Think of science as a powerful tool, like maybe a power saw. It can really take things apart. But it’s not always the right tool. Maybe it seldom is, in fact. We also don’t want to put it in the hands of children, or use it without first thinking carefully about the consequences and if there might in fact be more productive paths.
The choice to back CDR is conditioned by a desire in society at large to meet net-zero whilst maintaining an economic paradigm and way of life.
Whether Brazil, the U.S. or any other country defunds, attacks, or ignores science, devaluing research and innovation is detrimental to the long-term well-being of any modern society, as well as for the interconnected global community.
We’re all responsible for our choices, of course, and I’m not excusing bad behavior or mean-spirited politics. But I do not blame Kansans for our predicament so much as I blame the power structure that takes care of itself without caring about the ecological and economic catastrophe out our way.
Real, unreal. This is the the ultimate isolating duality that we have created for our minds, the ultimate isolating brokenness in our language and our culture.
With such an understanding of the continuity of all life we can develop a more robust cosmological ethics highlighting responsibility and reciprocity for our magnificent Earth community.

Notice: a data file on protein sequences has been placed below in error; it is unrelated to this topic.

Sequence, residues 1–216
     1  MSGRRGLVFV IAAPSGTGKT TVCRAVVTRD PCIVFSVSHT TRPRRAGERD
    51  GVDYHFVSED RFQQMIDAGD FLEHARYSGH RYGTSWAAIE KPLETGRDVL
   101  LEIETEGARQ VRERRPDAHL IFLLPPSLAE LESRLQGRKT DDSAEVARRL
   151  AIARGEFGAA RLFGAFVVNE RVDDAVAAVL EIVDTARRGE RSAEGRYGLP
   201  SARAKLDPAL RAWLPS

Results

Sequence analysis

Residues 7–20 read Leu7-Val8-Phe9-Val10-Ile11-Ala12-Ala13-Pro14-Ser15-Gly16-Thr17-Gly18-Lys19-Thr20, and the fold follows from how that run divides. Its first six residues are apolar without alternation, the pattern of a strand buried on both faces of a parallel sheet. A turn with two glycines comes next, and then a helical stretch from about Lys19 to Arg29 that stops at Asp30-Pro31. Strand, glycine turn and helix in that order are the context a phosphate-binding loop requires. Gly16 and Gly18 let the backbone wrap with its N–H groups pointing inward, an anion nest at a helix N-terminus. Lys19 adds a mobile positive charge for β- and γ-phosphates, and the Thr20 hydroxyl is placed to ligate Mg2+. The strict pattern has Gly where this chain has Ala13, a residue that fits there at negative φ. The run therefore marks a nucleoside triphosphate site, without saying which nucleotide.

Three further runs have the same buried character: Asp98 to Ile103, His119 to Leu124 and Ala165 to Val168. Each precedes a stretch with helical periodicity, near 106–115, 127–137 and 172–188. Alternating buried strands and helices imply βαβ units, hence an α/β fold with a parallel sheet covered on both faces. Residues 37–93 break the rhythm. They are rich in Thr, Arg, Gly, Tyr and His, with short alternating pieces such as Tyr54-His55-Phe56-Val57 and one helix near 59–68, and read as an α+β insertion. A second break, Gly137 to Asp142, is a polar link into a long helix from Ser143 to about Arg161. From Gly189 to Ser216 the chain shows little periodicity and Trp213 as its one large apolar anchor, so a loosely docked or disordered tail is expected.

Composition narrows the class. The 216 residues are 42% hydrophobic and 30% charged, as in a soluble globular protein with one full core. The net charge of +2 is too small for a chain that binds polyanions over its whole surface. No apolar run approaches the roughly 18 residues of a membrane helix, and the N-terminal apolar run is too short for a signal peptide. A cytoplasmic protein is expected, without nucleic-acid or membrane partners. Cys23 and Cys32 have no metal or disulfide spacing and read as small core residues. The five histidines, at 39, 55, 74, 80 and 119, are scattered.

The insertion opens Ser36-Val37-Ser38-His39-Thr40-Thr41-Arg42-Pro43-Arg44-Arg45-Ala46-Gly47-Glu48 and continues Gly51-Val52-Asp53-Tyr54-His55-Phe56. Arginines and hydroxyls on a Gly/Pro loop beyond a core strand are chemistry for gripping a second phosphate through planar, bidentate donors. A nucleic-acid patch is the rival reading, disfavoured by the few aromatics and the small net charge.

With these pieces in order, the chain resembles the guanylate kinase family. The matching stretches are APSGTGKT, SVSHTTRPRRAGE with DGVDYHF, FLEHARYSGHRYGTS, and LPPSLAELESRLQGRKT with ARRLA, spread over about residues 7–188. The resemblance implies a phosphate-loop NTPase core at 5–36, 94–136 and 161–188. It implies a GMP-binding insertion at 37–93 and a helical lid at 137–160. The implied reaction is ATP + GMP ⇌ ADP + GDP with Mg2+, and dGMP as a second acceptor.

As our civilization careens toward a precipice of climate breakdown, ecological destruction, and gaping inequality, people are losing their existential moorings. Our dominant worldview has passed its expiration date: it’s based on a series of flawed assumptions that have been superseded by modern scientific findings.
Dr. Danielle Ignace has found a way to unify her Native American and Western science identities to better understand big ecosystem changes.
Does nature represent eternity, ancestors, science, the present, the future, or a young earth? Is it to be revered, conserved, exploited, or sacrificed? A nation that identifies itself with nature begins to fall apart when it can no longer agree on what nature is.
We are having worldwide fight not over our view of “the facts”, but over what constitutes “the facts.” It has ever been thus, philosopher Paul Feyeraband tells us. It’s just that now that fight is breaking out into the open and disrupting our lives and our institutions without a clear way to resolve it.
The United States was founded on ideas that reflected Enlightenment thinking, including the importance of science and the separation of church and state.
In Episode 3, titled “Mad about Science,” host Robert Jensen asks Wes how formal science differs from, and is similar to, the folk science he learned on the farm growing up.